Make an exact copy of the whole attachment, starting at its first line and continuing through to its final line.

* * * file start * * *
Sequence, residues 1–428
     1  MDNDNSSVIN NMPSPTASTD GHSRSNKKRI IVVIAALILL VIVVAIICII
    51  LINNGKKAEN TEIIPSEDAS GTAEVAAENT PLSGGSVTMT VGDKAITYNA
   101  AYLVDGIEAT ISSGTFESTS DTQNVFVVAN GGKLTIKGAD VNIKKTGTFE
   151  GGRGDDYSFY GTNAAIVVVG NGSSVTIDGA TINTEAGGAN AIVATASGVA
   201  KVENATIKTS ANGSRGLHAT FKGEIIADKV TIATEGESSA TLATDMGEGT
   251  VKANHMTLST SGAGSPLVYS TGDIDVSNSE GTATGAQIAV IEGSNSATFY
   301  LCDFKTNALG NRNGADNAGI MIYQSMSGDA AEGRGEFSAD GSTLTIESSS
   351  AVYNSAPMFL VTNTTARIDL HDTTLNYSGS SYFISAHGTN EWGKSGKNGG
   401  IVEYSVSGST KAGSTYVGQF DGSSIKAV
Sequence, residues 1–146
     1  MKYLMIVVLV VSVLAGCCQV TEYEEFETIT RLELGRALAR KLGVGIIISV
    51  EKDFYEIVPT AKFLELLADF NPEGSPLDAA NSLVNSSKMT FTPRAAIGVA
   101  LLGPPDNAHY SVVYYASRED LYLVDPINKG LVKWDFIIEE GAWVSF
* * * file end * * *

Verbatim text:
Sequence, residues 1–428
     1  MDNDNSSVIN NMPSPTASTD GHSRSNKKRI IVVIAALILL VIVVAIICII
    51  LINNGKKAEN TEIIPSEDAS GTAEVAAENT PLSGGSVTMT VGDKAITYNA
   101  AYLVDGIEAT ISSGTFESTS DTQNVFVVAN GGKLTIKGAD VNIKKTGTFE
   151  GGRGDDYSFY GTNAAIVVVG NGSSVTIDGA TINTEAGGAN AIVATASGVA
   201  KVENATIKTS ANGSRGLHAT FKGEIIADKV TIATEGESSA TLATDMGEGT
   251  VKANHMTLST SGAGSPLVYS TGDIDVSNSE GTATGAQIAV IEGSNSATFY
   301  LCDFKTNALG NRNGADNAGI MIYQSMSGDA AEGRGEFSAD GSTLTIESSS
   351  AVYNSAPMFL VTNTTARIDL HDTTLNYSGS SYFISAHGTN EWGKSGKNGG
   401  IVEYSVSGST KAGSTYVGQF DGSSIKAV
Sequence, residues 1–146
     1  MKYLMIVVLV VSVLAGCCQV TEYEEFETIT RLELGRALAR KLGVGIIISV
    51  EKDFYEIVPT AKFLELLADF NPEGSPLDAA NSLVNSSKMT FTPRAAIGVA
   101  LLGPPDNAHY SVVYYASRED LYLVDPINKG LVKWDFIIEE GAWVSF